abstract     = {<strong>Background and aims:</strong><br/><br/>Heart transplantation (HT) constitutes the ultimate treatment choice for end-stage heart failure. Following HT, patients require life-long immunosuppressive treatment to prevent allograft rejection. Although survival has steadily increased over the last few decades, issues related to under- and over-immunosuppression remain common and continue to represent one of the most important limiting factors for long-term outcome. This important act of balance is also a major reason for the debate on whether or not newly available generic immunosuppressants, which may provide economic advantages, should be introduced.<br/><br/>HTs have been performed at Skåne University Hospital in Lund (SUS-Lund) since 1988. Since the beginning of the transplant program, patients have undergone extensive follow-up including renal function measurements using the iohexol clearance method, and endomyocardial biopsies (EMBs) to detect acute cellular rejection (ACR).<br/><br/>The present thesis consists of four papers. Paper <strong>I-III</strong> aimed to study the incidence, predictors and outcome of ACR and chronic kidney disease (CKD) after HT – two of the most relevant issues related to the balance between under- and over-immunosuppression. An additional aim was to evaluate two guideline recommended glomerular filtration rate (GFR) estimating equations in HT patients (CKD-EPI and Schwartz formulae). Lastly, paper <strong>IV</strong> investigated the safety and efficacy of switching to two generic immunosuppressants, namely Myfenax Teva® and Tacrolimus Sandoz®.<br/><br/><strong>Methods:</strong><br/><br/>All papers were retrospective in design. Paper<strong> I-III</strong> were based on all 215 HT patients followed at SUS-Lund 1988-2010, whereas paper <strong>IV</strong> concerned a smaller cohort of 55 patients.<br/><br/><strong>Results:</strong><br/><br/>The frequency and severity of ACR was low and decreased with time post-HT. The findings however indicated that late (&gt;1 year) more often than early (&lt;1 year) ACR remains undetected, and that both types of ACR influence outcome. CKD was moreover common and appeared to have a negative impact on survival. Interestingly, the results also indicated that the CKD-EPI and Schwartz formulae both overestimate GFR in HT patients and thus could lead to diagnostic delay if solely relied upon. In paper <strong>IV</strong>, data reassuringly indicated that switching to Myfenax Teva® and/or Tacrolimus Sandoz® several years post-HT appeared safe, at least in the short-term perspective.<br/><br/><strong>Conclusions:</strong><br/><br/>The present thesis, focusing on the HT population at SUS-Lund 1988-2010, provides a useful in-depth overview on the incidence, predictors, and outcome of two of the most relevant issues related to the difficult balance between under- and over-immunosuppression after HT – namely ACR and CKD. Valuable initial experience on the conversion from branded to generic immunosuppressants is also presented.<br/>},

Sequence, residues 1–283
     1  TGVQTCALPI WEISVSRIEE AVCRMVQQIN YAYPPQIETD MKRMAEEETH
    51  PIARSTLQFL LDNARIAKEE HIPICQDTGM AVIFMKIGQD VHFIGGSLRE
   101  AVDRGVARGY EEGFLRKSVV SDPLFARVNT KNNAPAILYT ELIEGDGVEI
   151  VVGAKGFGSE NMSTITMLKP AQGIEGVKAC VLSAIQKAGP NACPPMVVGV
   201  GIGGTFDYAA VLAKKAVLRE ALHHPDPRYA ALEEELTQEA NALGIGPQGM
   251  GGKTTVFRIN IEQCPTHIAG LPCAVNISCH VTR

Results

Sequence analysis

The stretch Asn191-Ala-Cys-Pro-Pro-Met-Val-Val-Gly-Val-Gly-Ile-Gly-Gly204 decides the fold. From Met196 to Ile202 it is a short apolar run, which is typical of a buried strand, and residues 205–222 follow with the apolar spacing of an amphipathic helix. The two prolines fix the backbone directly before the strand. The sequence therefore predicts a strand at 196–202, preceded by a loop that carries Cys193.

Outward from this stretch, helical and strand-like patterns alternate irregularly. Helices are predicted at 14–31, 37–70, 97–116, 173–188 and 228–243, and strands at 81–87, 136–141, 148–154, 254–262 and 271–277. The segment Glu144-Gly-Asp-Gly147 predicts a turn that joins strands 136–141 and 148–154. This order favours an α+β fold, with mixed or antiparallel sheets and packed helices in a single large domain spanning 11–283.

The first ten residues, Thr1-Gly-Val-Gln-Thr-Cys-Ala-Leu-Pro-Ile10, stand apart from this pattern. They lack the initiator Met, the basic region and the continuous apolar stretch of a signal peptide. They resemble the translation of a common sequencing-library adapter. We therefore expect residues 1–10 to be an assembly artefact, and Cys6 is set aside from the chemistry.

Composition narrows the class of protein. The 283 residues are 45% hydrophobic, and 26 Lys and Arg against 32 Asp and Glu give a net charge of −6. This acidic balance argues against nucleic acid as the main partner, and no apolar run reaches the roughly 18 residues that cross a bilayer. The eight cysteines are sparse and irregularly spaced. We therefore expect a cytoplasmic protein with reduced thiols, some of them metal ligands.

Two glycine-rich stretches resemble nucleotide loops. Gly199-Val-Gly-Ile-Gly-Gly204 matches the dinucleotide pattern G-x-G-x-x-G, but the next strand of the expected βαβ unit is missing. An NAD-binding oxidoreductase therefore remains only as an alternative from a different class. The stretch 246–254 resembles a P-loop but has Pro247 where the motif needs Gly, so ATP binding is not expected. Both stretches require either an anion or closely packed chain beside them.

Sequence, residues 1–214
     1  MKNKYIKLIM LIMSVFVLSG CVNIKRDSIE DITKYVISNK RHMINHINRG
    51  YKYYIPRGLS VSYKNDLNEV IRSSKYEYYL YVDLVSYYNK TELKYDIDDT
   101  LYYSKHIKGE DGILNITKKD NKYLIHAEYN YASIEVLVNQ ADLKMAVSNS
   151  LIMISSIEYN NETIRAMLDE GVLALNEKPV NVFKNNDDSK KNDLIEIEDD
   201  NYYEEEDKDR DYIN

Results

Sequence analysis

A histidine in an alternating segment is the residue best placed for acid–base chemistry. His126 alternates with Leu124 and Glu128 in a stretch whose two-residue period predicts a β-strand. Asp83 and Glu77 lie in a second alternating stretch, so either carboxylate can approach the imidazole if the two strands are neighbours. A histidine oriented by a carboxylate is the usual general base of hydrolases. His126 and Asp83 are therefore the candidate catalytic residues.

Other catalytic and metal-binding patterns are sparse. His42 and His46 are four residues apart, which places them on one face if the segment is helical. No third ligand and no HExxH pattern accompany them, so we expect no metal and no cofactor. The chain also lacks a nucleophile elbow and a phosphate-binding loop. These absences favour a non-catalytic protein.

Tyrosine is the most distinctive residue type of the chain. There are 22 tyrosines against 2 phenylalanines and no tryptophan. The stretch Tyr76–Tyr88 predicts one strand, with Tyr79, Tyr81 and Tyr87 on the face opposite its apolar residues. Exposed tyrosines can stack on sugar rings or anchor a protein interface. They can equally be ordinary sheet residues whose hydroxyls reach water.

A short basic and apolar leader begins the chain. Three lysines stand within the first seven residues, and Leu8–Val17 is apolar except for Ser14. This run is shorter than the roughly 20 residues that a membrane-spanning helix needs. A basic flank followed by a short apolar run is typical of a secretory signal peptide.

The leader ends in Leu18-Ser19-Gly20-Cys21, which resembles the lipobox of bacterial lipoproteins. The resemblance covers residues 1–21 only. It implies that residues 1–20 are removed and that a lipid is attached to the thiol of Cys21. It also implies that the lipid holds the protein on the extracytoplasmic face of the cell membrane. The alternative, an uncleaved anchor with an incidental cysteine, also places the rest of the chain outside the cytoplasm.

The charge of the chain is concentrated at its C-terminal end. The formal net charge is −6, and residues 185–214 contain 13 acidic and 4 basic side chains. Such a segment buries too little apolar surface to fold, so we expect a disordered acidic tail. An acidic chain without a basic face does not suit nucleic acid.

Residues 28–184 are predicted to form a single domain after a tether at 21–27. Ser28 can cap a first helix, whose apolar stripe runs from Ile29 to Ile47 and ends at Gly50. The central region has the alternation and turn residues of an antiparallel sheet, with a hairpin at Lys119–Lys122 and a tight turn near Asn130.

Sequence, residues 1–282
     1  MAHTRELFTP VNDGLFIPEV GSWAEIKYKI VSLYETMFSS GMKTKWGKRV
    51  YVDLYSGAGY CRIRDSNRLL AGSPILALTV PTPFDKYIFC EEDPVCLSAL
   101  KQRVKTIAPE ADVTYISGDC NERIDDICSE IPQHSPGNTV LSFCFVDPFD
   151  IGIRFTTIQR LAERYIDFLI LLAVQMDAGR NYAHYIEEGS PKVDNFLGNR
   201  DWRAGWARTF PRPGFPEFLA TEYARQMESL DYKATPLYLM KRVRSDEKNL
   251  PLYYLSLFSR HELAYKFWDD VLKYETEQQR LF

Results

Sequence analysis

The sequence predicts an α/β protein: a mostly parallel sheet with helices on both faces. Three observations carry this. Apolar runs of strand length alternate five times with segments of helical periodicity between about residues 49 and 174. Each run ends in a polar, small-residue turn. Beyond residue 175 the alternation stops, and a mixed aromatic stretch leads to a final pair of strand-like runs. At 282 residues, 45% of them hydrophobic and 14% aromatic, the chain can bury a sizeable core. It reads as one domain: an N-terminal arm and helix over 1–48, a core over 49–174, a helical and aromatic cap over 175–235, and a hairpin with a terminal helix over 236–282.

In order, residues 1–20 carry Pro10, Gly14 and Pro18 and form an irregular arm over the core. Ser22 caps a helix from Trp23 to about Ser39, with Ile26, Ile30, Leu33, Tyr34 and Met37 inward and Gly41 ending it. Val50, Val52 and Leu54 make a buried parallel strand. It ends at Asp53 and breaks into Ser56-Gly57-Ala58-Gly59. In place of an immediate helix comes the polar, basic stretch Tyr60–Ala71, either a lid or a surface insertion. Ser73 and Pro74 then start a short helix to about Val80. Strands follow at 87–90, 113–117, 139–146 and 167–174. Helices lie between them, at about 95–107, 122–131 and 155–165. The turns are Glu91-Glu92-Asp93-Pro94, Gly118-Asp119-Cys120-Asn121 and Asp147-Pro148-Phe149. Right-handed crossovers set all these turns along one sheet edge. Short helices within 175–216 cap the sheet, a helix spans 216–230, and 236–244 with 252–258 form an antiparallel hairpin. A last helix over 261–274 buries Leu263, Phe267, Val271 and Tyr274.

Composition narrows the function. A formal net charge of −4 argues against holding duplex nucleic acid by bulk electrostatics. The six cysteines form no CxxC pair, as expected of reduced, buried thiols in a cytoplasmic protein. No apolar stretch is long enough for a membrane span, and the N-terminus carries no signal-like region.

author       = {Söderlund, Carl},
  isbn         = {978-91-7619-523-9},
  keyword      = {heart transplantation,immunosuppression,acute cellular rejection,chronic kidney disease,generic,heart transplantation,immunosuppression,acute cellular rejection,chronic kidney disase,generic},
  language     = {eng},
  pages        = {88},
  publisher    = {Lund University, Faculty of Medicine},
  school       = {Lund University},
  title        = {The balance between under- and over-immunosuppression after heart transplantation with emphasis on acute cellular rejection and chronic kidney disease. Experiences from Skåne University Hospital in Lund 1988-2010},
  year         = {2017},
}